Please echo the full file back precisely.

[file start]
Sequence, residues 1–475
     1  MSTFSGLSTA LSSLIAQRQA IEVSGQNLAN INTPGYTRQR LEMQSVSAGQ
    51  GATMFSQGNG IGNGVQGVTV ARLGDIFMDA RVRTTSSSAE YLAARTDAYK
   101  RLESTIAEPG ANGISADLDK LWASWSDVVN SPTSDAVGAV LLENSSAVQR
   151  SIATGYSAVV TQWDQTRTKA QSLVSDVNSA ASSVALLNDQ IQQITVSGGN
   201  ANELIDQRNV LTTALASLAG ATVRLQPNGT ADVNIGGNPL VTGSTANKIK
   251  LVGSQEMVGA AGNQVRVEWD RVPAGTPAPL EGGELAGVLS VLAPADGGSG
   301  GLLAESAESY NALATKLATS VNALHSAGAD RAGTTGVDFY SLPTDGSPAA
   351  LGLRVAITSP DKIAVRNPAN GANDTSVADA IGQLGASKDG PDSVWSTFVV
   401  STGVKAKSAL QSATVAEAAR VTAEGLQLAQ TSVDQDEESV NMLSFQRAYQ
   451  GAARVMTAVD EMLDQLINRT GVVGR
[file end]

Sequence, residues 1–475
     1  MSTFSGLSTA LSSLIAQRQA IEVSGQNLAN INTPGYTRQR LEMQSVSAGQ
    51  GATMFSQGNG IGNGVQGVTV ARLGDIFMDA RVRTTSSSAE YLAARTDAYK
   101  RLESTIAEPG ANGISADLDK LWASWSDVVN SPTSDAVGAV LLENSSAVQR
   151  SIATGYSAVV TQWDQTRTKA QSLVSDVNSA ASSVALLNDQ IQQITVSGGN
   201  ANELIDQRNV LTTALASLAG ATVRLQPNGT ADVNIGGNPL VTGSTANKIK
   251  LVGSQEMVGA AGNQVRVEWD RVPAGTPAPL EGGELAGVLS VLAPADGGSG
   301  GLLAESAESY NALATKLATS VNALHSAGAD RAGTTGVDFY SLPTDGSPAA
   351  LGLRVAITSP DKIAVRNPAN GANDTSVADA IGQLGASKDG PDSVWSTFVV
   401  STGVKAKSAL QSATVAEAAR VTAEGLQLAQ TSVDQDEESV NMLSFQRAYQ
   451  GAARVMTAVD EMLDQLINRT GVVGR